Monday, November 21, 2005

Never again, again?

The latest from the Coalition for Darfur published in the NY Times.
20 November 2005
The New York Times

Copyright 2005 The New York Times Company. All Rights Reserved.

TAMA, Sudan -- So who killed 2-year-old Zahra Abdullah for belonging
to the Fur tribe?

At one level, the answer is simple: The murderers were members of the
janjaweed militia that stormed into this mud-brick village in the
South Darfur region at dawn four weeks ago on horses, camels and
trucks. Zahra's mother, Fatima Omar Adam, woke to gunfire and smoke
and knew at once what was happening.

She jumped up from her sleeping mat and put Zahra on her back, then
grabbed the hands of her two older children and raced out of her
thatch-roof hut with her husband.

Some of the marauders were right outside. They yanked Zahra from Ms.
Fatima's back and began bludgeoning her on the ground in front of her
shrieking mother and sister. Then the men began beating Ms. Fatima and
the other two children, so she grabbed them and fled -- and the men
returned to beating the life out of Zahra.

At another level, responsibility belongs to the Sudanese government,
which armed the janjaweed and gave them license to slaughter and rape
members of several African tribes, including the Fur.

Then some responsibility attaches to the rebels in Darfur. They claim
to be representing the tribes being ethnically cleansed, but they have
been fighting each other instead of negotiating a peace with the
government that would end the bloodbath.

And finally, responsibility belongs to the international community --
to you and me -- for acquiescing in yet another genocide.

Tama is just the latest of many hundreds of villages that have been
methodically destroyed in the killing fields of Darfur over the last
two years. Ms. Fatima sat on the ground and told me her story -- which
was confirmed by other eyewitnesses -- in a dull, choked monotone, as
she described her guilt at leaving her child to die.

''Zahra was on the ground, and they were beating her with sticks, but
I ran away,'' she said. Her 4-year-old son, Adam, was also beaten
badly but survived. A 9-year-old daughter, Khadija, has only minor
injuries but she told me that she had constant nightmares about the

At least Ms. Fatima knows what happened to her daughter. A neighbor,
Aisha Yagoub Abdurahman, is beside herself because she says she saw
her 10-year-old son Adil carried off by the janjaweed. He is still
missing, and everyone knows that the janjaweed regularly enslave
children like him, using them as servants or sexual playthings. In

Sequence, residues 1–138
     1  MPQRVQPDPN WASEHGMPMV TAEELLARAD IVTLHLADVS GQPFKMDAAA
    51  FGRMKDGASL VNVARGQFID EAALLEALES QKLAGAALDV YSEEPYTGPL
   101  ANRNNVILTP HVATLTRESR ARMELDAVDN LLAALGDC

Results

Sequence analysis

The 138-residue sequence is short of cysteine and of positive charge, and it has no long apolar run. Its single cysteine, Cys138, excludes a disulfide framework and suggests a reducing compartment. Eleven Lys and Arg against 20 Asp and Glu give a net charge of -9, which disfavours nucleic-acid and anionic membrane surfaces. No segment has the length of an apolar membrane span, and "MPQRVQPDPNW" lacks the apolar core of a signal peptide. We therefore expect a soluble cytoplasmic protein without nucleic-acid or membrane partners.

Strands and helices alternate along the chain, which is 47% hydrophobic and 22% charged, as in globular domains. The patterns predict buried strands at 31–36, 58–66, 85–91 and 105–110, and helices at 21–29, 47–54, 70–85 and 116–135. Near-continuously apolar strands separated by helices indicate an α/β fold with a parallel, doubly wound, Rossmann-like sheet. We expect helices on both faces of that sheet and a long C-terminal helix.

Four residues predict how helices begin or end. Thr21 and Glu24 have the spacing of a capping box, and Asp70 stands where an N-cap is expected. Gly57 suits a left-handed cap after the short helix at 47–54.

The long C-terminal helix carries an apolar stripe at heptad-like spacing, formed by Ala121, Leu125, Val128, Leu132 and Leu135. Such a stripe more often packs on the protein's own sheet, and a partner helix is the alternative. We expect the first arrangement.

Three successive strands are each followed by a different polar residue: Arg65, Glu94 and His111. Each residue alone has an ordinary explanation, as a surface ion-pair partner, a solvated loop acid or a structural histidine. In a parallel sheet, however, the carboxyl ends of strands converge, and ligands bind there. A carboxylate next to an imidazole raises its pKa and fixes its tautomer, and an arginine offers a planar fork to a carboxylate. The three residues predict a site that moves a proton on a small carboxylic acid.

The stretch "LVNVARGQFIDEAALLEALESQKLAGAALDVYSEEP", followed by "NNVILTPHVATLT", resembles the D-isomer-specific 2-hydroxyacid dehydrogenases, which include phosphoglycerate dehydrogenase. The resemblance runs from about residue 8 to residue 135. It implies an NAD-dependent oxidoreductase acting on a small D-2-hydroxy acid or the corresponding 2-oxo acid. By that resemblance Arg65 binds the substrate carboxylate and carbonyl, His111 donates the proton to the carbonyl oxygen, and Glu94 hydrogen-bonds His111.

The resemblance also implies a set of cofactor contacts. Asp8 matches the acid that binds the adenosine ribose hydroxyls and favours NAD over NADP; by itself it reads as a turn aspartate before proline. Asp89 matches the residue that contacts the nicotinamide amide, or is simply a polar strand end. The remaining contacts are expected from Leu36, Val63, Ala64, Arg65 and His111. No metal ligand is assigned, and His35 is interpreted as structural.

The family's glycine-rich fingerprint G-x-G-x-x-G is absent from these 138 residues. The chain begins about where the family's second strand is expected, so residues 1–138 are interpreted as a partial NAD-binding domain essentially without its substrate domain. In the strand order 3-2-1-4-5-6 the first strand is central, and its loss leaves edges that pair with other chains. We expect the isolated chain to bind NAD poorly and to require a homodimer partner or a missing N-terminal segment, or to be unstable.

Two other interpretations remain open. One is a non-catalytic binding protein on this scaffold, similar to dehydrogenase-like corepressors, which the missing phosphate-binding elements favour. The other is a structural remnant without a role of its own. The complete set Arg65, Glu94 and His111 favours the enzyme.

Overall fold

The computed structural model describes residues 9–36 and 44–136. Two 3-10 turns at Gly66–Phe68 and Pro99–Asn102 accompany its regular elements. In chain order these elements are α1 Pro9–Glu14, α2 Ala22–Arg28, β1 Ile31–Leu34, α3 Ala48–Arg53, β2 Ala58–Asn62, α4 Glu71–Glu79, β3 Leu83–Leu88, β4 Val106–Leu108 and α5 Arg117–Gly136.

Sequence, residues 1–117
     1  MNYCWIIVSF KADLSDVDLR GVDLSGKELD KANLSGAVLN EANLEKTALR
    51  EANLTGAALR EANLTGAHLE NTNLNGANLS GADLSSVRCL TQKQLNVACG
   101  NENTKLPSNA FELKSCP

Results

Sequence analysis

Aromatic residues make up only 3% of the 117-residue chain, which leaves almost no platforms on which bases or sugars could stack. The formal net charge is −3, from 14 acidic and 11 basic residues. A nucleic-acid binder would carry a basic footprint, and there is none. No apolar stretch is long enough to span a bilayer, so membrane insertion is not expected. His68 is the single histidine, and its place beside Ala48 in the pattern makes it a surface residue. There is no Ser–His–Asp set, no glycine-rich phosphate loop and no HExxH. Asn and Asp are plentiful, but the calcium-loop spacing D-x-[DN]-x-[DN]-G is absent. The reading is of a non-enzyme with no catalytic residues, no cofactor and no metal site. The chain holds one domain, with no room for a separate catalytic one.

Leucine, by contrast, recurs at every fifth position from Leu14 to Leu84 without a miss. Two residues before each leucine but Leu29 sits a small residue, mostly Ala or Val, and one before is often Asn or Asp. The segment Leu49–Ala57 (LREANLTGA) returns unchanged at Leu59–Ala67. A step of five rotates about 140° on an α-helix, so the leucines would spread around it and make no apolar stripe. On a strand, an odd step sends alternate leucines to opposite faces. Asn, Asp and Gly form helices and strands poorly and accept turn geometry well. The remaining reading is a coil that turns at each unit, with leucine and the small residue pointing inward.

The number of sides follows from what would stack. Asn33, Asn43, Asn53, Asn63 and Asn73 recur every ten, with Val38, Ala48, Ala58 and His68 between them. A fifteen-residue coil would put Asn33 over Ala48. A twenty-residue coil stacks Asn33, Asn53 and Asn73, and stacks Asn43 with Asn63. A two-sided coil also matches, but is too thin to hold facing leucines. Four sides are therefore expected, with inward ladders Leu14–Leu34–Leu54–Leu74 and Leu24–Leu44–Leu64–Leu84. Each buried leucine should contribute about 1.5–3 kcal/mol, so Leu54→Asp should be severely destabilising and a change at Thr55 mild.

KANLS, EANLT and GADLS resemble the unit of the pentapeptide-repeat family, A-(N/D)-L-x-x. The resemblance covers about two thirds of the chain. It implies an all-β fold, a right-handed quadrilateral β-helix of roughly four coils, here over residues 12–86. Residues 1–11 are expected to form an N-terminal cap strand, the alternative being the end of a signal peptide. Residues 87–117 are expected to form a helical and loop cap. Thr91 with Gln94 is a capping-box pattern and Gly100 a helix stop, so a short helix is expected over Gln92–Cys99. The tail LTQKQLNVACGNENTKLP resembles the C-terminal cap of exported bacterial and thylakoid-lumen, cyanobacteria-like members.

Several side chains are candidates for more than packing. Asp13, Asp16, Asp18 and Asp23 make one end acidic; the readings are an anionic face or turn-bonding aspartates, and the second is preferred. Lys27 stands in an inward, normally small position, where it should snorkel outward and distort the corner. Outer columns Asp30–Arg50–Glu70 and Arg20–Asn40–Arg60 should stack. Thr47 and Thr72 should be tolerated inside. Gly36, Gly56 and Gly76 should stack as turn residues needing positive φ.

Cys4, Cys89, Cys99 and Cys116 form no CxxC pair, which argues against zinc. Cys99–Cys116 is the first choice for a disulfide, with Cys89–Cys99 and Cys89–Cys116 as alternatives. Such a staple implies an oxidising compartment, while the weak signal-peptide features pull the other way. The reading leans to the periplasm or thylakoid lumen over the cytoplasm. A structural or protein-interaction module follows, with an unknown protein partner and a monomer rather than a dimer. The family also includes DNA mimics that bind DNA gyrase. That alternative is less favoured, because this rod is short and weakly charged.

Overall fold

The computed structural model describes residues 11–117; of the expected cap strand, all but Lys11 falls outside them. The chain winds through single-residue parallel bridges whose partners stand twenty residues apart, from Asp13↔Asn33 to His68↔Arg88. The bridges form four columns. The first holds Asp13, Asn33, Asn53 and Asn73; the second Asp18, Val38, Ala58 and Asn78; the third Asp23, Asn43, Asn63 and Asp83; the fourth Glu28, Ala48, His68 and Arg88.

all, 37 people were killed in Tama, and another 12 are missing.

The survivors fled five miles to another village that had been
abandoned after being attacked by the janjaweed a year earlier. Now
the survivors are terrified, and they surrounded me to ask for advice
about how to stay alive.

None of them dared accompany me back to Tama, which is an eerie ghost
town, doors hanging off hinges and pots and sandals strewn about. The
only inhabitants I saw in Tama were camels, which are now using the
village as a pasture -- and which the villagers say belong to the
janjaweed. On the road back, I saw a group of six janjaweed, one
displaying his rifle.

Darfur is just the latest chapter in a sorry history of repeated
inaction in the face of genocide, from that of Armenians, through the
Holocaust, to the slaughter of Cambodians, Bosnians and Rwandans. If
we had acted more resolutely last year, then Zahra would probably
still be alive.

Attacks on villages like Tama occur regularly. Over the last week, one
tribe called the Falata, backed and armed by the Sudanese government,
has burned villages belonging to the Masalit tribe south of here.
Dozens of bodies are said to be lying unclaimed on the ground.

President Bush, where are you? You emphasize your willingness to speak
bluntly about evil, but you barely let the word Darfur pass your lips.
The central lesson of the history of genocide is that the essential
starting point of any response is to bellow moral outrage -- but
instead, Mr. President, you're whispering.

In a later column, I'll talk more specifically about actions we should
take, and it's true that this is a complex mess without easy
solutions. But for starters we need a dose of moral clarity. For all
the myriad complexities of Darfur, what history will remember is that
this is where little girls were bashed to death in front of their
parents because of their tribe -- and because the world couldn't be
bothered to notice.

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